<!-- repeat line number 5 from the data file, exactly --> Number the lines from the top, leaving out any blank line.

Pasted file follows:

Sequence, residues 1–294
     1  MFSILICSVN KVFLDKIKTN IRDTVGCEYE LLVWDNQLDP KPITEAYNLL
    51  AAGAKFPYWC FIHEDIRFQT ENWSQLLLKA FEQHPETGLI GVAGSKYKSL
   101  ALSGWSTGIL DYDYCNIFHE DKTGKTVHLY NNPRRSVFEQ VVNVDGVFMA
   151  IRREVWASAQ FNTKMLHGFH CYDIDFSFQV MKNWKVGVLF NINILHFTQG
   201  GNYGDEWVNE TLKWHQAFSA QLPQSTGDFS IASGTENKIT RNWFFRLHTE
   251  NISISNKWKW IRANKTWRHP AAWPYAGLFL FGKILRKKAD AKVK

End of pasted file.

   151  IRREVWASAQ FNTKMLHGFH CYDIDFSFQV MKNWKVGVLF NINILHFTQG